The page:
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Archive 2012 · 5dmk2, problems with pure reds (and sometimes blues)
  
 
gdanmitchell
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p.2 #1 · p.2 #1 · 5dmk2, problems with pure reds (and sometimes blues)


First, I have seen it with green - though, it is rare. The problem most often manifests in the red channel. It is not limited to the 5D2, so anyone thinking that this is an issue related to a specific camera is barking up the wrong tree.

You are on the right track when you note that some images or image elements might provide luminosity almost entirely to a single color channel. The issue is simply that this channel gets "swamped" (i.e. - over exposed) even though the overall image luminosity seems relatively low. Although this isn't strictly an accurate way to describe it, it is essentially that you overexpose the red channel and underexpose the others. In the same way that highlights (say clouds in the sky) blow out when you over expose an image, here the reds blow out - and in the same way that cloud highlight detail is lost and you get pure white, red highlight detail is lost and you get essentially pure red.

The notion that the camera should always be able to correctly interpret and expose for any complex situation that is thrown at it, without intervention or judgment by the photographer is unfortunate. Cameras can do this in many, many cases, but sometimes we still need to make some decisions ourselves when confronted by challenging lighting and other situations. Here, I have learned that when the scene is very "hot" in one color channel that a) there is a risk of blowing out that channel, b) the averaged luminosity histogram display will not tell you this since it averages the three color channels, c) it is a great idea to use the RGB histogram display the separately shows the three color channels, and d) you should, in most cases, err on the side of underexposure rather than overexposure.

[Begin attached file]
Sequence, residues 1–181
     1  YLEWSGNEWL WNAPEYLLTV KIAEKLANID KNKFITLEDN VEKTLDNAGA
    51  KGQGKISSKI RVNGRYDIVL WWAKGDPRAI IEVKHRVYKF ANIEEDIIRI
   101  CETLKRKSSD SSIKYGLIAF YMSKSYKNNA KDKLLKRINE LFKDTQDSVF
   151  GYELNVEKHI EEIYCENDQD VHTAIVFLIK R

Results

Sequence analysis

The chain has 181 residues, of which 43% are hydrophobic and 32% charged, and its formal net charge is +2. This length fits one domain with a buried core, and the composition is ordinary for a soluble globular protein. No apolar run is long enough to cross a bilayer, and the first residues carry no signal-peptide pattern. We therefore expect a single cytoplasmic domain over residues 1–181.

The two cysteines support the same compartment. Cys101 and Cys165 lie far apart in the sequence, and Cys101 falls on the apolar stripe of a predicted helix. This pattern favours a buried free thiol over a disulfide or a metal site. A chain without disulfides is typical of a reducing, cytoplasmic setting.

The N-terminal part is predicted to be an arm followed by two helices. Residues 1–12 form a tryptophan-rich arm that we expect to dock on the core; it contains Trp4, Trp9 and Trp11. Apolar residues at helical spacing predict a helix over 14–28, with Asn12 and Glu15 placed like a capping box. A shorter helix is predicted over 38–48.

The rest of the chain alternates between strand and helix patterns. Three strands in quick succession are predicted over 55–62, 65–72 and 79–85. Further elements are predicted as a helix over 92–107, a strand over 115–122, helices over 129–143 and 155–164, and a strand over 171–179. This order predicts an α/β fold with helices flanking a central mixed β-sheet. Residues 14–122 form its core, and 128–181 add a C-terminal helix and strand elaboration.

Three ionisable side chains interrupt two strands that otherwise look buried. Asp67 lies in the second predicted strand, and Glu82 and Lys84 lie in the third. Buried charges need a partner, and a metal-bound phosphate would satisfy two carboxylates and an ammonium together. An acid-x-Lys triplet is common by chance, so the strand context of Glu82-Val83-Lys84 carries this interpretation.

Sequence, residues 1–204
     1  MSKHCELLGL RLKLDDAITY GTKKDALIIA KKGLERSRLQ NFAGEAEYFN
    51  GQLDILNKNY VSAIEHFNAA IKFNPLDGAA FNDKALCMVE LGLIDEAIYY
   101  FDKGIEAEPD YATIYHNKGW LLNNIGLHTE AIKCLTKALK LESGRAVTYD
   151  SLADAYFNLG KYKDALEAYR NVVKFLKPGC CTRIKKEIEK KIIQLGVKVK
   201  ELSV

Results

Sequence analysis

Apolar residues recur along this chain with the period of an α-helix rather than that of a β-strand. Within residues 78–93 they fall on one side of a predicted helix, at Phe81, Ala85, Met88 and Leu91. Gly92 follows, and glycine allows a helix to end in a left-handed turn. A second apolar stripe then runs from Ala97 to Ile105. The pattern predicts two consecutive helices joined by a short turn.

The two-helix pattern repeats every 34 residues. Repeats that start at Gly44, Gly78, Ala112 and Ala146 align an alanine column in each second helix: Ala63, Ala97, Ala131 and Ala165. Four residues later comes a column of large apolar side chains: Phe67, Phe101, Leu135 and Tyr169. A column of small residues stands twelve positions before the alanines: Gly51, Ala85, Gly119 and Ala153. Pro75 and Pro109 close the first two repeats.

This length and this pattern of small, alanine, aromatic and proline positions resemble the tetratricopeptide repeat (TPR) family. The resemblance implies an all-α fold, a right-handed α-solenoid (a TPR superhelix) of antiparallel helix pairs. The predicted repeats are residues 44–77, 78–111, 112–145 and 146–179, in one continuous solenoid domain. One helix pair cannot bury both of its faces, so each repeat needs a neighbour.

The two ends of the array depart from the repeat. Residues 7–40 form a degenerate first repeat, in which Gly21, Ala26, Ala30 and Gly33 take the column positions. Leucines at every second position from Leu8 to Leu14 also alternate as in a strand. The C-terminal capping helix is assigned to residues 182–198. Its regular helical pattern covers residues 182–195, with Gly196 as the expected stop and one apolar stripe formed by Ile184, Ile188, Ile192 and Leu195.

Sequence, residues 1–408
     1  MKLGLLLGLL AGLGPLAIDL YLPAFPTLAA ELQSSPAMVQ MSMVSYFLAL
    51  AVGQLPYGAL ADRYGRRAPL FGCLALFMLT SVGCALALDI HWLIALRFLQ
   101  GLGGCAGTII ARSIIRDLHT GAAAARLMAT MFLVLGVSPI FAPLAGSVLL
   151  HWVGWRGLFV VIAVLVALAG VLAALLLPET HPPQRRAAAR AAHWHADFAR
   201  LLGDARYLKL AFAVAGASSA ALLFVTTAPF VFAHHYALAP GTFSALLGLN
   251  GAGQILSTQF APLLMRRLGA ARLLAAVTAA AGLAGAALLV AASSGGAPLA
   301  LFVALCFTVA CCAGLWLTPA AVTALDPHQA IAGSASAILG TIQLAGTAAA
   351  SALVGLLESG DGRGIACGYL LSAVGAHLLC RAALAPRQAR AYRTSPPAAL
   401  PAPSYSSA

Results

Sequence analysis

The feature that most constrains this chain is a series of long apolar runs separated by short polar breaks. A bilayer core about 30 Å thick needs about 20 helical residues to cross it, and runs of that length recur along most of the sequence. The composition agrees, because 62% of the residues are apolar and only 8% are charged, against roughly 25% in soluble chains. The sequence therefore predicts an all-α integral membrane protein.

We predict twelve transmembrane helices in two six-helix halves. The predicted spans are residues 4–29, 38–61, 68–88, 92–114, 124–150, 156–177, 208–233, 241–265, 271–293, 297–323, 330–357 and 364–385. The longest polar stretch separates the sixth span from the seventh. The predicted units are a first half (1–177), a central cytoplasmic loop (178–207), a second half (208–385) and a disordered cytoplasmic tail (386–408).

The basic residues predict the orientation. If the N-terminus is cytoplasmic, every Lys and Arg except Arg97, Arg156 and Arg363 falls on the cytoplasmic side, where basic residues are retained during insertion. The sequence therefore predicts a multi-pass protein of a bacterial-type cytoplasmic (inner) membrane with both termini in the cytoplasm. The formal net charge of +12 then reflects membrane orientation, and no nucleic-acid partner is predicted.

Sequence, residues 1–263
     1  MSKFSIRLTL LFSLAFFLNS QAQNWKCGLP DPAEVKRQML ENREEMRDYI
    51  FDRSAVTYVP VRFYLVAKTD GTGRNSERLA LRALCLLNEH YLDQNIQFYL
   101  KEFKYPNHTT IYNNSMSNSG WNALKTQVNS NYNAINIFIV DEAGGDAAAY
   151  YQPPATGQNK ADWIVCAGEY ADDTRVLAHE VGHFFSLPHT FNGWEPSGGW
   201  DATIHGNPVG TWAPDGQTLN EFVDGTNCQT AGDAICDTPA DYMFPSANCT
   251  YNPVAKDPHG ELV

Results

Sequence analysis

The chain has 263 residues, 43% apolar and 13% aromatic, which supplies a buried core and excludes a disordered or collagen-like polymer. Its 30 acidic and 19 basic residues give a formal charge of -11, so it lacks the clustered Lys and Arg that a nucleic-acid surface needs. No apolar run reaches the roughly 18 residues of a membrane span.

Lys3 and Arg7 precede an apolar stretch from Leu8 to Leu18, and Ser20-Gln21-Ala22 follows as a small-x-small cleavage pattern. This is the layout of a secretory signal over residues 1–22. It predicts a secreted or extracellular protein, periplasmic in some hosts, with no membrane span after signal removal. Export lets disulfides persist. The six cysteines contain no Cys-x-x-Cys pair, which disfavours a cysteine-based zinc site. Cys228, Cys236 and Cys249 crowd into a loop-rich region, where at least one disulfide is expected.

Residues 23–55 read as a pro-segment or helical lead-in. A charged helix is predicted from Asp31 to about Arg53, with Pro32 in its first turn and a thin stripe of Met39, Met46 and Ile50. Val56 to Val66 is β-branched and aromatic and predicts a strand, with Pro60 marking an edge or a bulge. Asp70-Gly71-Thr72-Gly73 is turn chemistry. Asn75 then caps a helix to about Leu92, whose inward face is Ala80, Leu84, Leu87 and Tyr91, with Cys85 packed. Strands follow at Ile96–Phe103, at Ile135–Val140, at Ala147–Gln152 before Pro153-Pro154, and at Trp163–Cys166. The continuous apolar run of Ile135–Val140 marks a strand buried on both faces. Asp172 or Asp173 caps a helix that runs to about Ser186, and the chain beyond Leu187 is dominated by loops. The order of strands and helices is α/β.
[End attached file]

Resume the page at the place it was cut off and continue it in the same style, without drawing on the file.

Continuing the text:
I believe that current sensors still have twice as many green sensing photo sites. However, I think your explanation, while it has some interesting merit, is not getting at the essential problem or the relatively simple solution to it.

Dan

Access wrote:
Actually I was thinking about this late last night and thought of something, is this what is going on?

When the part of the photo is pure red, that means it has no green or blue component. Meaning it will only show up on the red part of the bayer array, and not the green and blue part which will be zero or close to zero. Meaning, one third (or less if the bayer doesn't favor red) the advertised resolution, and less luminence data to average over or interpolate from. The raw conversion software does the best job it can, but
...Show more



Feb 03, 2012 at 04:34 PM
alundeb
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p.2 #2 · p.2 #2 · 5dmk2, problems with pure reds (and sometimes blues)


Chrominance noise reduction can go wild with the reds. Make sure it is set to 0 at low ISO.



Feb 03, 2012 at 05:42 PM
Access
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p.2 #3 · p.2 #3 · 5dmk2, problems with pure reds (and sometimes blues)


gdanmitchell wrote:
You are on the right track when you note that some images or image elements might provide luminosity almost entirely to a single color channel. The issue is simply that this channel gets "swamped" (i.e. - over exposed) even though the overall image luminosity seems relatively low. Although this isn't strictly an accurate way to describe it, it is essentially that you overexpose the red channel and underexpose the others. In the same way that highlights (say clouds in the sky) blow out when you over expose an image, here the reds blow out - and in the same way
...Show more
No I've definately seen this too. For instance when taking photos under 2700K or 2500K lighting while relying on the camera's automatic metering. But it is slightly diffferent issue? It can happen with any shade of red, not just a pure one. You get an obviously blown out red channel, and often a wierd color shift for part(s) of the photo where the red was overblown -- when you try to apply the white balance correction. As it's trying to bring the clipped red channel back in. At this point, I typically just switch to manual mode to get a proper exposure on the red channel.

It seems to me like the worst case for a bayer array sensor is a pure color that matches a color of the bayer array, since that will not appear (or appear as black) on the other pixels. I've seen this same problem with my panasonic camera too, only it's much more pronounced (less bits coming out of that sensor?). I've tried bracketing like in the screenshots I posted and the brighter exposures will look a little better, but the problem is still there.